After several days of near seventy degree weather, we’ve finally settled back into a typical Missouri winter. The temperatures have dropped, and a widespread ice storm has coated trees and sidewalks. Most of us are staying inside.
When cold weather arrives, I buy an enormous bag of wild bird seed and fill up the feeder. We soon have a gathering of cardinals, blue jays, doves, sparrows, and even a red-headed woodpecker, dining right outside the window. This provides endless hours of viewing enjoyment for Bogey the cat, while Winston watches for random squirrels who like to crash our feathered friends’ party. Winston is great at chasing away squirrels.
Birds are fun to watch. I had a few pet parakeets when growing up, and our daughter had a cockatiel. We aren’t alone. Even a number of our country’s presidents were bird lovers. Some of these men included George Washington (parrot). Thomas Jefferson (mockingbirds). James Madison (green parrot). Yet none of them have a story quite as interesting as the parrot of President Andrew Jackson.
Jackson bought the African Grey as a gift for his wife, Rachel. After her untimely death, Jackson became Poll’s buddy and caretaker. Perhaps the president didn’t realize parrots live a very, very long time.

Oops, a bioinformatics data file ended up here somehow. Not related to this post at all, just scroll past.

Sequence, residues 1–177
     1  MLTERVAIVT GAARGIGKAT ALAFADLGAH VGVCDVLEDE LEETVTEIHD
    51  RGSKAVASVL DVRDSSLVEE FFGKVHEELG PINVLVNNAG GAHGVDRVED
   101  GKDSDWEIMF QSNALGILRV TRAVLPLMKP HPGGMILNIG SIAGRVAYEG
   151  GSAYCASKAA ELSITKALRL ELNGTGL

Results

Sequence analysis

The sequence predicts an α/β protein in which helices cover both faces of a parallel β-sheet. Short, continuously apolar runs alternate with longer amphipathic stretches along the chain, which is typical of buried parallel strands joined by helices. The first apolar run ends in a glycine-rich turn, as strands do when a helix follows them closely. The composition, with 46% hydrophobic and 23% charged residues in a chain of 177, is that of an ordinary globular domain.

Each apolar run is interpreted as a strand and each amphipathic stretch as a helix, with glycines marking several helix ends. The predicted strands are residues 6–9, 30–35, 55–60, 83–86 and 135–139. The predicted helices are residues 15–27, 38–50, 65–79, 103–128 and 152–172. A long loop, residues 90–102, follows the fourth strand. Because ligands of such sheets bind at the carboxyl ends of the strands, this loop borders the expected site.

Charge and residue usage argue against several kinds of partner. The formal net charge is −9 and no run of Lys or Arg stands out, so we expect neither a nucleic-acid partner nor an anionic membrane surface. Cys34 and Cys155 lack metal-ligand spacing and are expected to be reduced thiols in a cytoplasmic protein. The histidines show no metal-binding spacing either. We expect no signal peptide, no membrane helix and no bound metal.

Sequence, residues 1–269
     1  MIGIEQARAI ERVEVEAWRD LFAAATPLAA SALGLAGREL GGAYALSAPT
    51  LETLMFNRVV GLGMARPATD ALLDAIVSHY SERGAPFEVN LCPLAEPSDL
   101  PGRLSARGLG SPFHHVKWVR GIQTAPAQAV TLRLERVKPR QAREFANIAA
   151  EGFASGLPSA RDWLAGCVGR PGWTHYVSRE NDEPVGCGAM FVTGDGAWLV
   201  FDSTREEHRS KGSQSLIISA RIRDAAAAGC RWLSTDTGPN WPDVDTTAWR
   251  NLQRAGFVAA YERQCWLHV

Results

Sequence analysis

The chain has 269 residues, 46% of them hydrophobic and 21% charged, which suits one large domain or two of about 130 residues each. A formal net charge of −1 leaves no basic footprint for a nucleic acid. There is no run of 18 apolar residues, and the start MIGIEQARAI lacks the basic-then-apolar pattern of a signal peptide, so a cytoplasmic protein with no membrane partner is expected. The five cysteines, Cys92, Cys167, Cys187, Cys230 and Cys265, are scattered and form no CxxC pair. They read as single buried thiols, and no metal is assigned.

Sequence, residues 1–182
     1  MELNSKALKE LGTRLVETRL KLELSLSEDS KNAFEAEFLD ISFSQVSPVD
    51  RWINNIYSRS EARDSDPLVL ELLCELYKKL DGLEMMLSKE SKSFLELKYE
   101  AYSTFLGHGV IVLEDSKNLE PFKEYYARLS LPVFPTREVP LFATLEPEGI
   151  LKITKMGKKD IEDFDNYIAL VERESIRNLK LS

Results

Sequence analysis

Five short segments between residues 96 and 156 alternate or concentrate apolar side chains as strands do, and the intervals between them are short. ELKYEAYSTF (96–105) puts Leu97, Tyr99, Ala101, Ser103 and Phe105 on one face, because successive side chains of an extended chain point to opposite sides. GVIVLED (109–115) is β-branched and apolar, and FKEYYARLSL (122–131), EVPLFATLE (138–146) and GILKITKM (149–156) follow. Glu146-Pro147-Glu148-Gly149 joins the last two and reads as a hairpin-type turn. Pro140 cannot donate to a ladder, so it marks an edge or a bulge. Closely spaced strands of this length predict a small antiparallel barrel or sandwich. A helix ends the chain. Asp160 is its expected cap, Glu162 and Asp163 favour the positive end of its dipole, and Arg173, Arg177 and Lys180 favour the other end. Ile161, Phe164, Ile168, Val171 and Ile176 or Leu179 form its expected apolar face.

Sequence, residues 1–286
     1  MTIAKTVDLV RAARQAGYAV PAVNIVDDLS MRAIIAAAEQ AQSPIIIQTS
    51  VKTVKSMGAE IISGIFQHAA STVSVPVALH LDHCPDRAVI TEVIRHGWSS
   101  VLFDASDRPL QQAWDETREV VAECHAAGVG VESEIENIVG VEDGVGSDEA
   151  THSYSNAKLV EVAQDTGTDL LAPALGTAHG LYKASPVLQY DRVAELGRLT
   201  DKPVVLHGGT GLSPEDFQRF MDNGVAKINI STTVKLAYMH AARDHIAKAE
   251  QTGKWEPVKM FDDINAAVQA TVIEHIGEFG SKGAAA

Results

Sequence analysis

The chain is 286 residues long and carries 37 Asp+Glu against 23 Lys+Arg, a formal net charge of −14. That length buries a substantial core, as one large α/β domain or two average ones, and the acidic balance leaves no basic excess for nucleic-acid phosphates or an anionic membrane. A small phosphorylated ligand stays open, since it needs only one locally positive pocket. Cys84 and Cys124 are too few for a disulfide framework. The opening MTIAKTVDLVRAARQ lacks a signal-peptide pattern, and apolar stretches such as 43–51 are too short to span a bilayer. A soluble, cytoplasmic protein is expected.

Poll proved it by outlasting his master.
In 1845, on the day of the president’s funeral at the Hermitage in Nashville, thousands of mourners arrived to pay their respects. Someone from the former president’s circle felt it only fair that Poll be allowed to say good-bye to his beloved friend, and allowed the bird to attend the funeral.
What happened next is best described by Reverend William Norment, the officiating clergyman.
“Before the sermon and while the crowd was gathering, a wicked parrot that was a household pet got excited and commenced swearing so loud and long as to disturb the people and had to be carried from the house.” According to Norment, people were “horrified and awed by the bird’s lack of reverence.”
To preserve the sensibilities of mourners, someone hustled the bird away from the shocking scene without delay.
The truth is, parrots don’t sit around on their perches making things up. They only imitate what they’ve heard. Sort of like a pre-technology recording device you can’t erase – at least, not humanely. This story has given me a totally new perspective on the personality of our seventh president.
He must have been one *#%! of a guy.